No to NHS charges!

by Daphne Liddle

THE PEOPLE of Britain love and treasure the NHS. In spite of all its well-publicised shortcomings everybody in the country needs its services sooner or later and the overwhelming majority have a positive experience of treatment.

And they are prepared to come out on the streets in very large numbers to defend it. No other issue has provoked such a big response in terms of protests and marches to defend the NHS as it is and its essential principle of free access to treatment as needed for all.

This is a really big problem for the extremist fundamentalist market capitalists who own and control the western world today.

We pay for the NHS through our taxes but they could make so much more profit if we also had to pay to visit our GPs or to go to hospital. And an unexploited source of profit anywhere breaks their hearts.

Their ideas dominate the main political parties: the Tories, the Liberal Democrats and the right-wing Labour leadership — though the Labour membership are a different matter. And have no doubts, Ukip would be the fastest to sell our health service to American entrepreneurs if they ever got a chance.

So the ruling class has been privatising the NHS by stealth, bit by bit, while protesting that they are improving the NHS and protecting its founding principles.

In doing do they have chained most hospitals, ambulance and other services to huge PFI debts and contracts with private healthcare providers that are draining all the funding for the NHS — and then complaining that the NHS is too expensive to continue as it is.

MPs will vote in favour of NHS cuts and the introduction of market principles in the House of Commons and at the same time they will hypocritically turn out on public protests to save their local hospital.

This contradictory behaviour shows that there is real power in the love that the working class have for the NHS and their readiness to defend it, which the MPs are afraid to provoke.

This is why the ruling class has been conducting a longterm propaganda campaign to undermine our respect for the NHS.

The Government keeps hospitals too short of funding to give the standards of care that NHS staff want to give — and we get scandals like the Mid-Staffs Hospital. Newspapers are so full of stories of people who have bad experiences with NHS care that readers get the impression that these are the norm rather than the exception.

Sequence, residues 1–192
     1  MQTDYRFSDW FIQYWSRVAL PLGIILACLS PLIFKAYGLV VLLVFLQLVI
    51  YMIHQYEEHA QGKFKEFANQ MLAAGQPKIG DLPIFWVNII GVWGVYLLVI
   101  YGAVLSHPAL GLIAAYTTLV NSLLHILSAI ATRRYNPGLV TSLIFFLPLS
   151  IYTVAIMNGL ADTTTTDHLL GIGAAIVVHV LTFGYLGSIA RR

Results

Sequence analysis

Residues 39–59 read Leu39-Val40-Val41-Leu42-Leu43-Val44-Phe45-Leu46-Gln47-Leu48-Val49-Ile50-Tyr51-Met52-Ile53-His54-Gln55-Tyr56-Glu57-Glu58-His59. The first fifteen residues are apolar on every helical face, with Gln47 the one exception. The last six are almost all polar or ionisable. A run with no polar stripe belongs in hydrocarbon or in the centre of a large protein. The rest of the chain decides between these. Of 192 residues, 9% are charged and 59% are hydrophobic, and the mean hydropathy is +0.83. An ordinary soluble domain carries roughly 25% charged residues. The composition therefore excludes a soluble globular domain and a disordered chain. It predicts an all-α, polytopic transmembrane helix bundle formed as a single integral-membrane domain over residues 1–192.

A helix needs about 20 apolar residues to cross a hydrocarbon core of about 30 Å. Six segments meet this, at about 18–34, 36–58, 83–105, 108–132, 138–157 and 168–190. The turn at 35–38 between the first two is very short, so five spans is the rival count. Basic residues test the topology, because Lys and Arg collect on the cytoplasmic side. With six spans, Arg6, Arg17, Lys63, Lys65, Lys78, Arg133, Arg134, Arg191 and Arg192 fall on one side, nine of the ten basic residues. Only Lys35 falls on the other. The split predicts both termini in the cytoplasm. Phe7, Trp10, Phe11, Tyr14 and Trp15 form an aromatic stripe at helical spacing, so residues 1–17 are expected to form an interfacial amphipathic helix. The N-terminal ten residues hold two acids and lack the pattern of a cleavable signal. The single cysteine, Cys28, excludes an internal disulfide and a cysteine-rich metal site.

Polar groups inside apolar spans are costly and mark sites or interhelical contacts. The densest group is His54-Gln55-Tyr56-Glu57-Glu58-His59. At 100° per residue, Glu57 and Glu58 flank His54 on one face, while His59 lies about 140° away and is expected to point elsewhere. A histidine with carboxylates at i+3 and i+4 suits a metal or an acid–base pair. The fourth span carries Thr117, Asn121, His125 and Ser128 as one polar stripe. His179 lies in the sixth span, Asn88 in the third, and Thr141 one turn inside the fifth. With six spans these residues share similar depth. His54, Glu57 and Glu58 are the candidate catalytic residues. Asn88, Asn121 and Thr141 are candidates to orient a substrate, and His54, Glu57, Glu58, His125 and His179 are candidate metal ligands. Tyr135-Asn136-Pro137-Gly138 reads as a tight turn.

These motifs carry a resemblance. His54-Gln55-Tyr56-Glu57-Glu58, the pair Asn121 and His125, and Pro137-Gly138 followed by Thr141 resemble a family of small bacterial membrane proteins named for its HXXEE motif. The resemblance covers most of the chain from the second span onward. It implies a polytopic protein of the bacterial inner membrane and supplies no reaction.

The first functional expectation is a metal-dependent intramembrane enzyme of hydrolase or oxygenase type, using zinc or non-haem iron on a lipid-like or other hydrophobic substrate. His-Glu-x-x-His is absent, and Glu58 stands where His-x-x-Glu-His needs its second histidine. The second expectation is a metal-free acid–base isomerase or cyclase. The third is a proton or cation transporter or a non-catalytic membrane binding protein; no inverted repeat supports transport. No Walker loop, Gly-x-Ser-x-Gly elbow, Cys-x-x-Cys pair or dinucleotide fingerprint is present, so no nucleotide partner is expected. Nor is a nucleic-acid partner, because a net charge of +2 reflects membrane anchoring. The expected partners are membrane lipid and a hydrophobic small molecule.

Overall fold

And we regularly get someone suggesting that we should pay to visit our GPs and hospitals. Last week it was the turn of former Labour Health Minister Lord Warner and his “independent” think tank called Reform.

Warner wants us all to pay £10-a-month to use the NHS as well as £20-a-night for hospital stays — assuming that is a trivial sum that no one would miss — unless you are a family of four or five (£50-a-month) deep in debt and depending on a food bank to survive. Do we use our pittance to pay our debts, pay the rent, pay the gas bill, buy some food or pay for the NHS?

The greatest users of all these services are the elderly, the disabled and chronically sick — usually people on the lowest incomes; people with diabetes, heart problems, high blood pressure, epilepsy, asthma, crohn’s disease and so on. They need to visit their GPs regularly and may end up in A&E more often than most.

Both Hunt and Reform allow there would be some means-tested exceptions for those who cannot pay. That would mean setting up a very expensive bureaucracy to check on patients’ incomes. And it would find that almost all the most frequent users of NHS services are the elderly and people with chronic conditions who would have to be exempted from charges.

It would cost the NHS more than it would save.

Unite head of health Rachael Maskell said: “Lord Warner, the co-author of the Reform report, is a stalking horse for the interests of the private healthcare companies to which he has strong links — and this should be borne in mind in any discussion of this divisive ‘membership charge’ idea. This is an unacceptable conflict of interest.

“Immediate savings could be made to the NHS by stripping out this obsession with turning the health service into a market place for private healthcare companies, when the £30 billion funding crisis is looming.”

A ComRes poll published last week in the Guardian found people in Britain overwhelmingly opposed to paying to see a GP. It found that only 27 per cent would pay £10 but 56 per cent against. The people of Britain are not daft.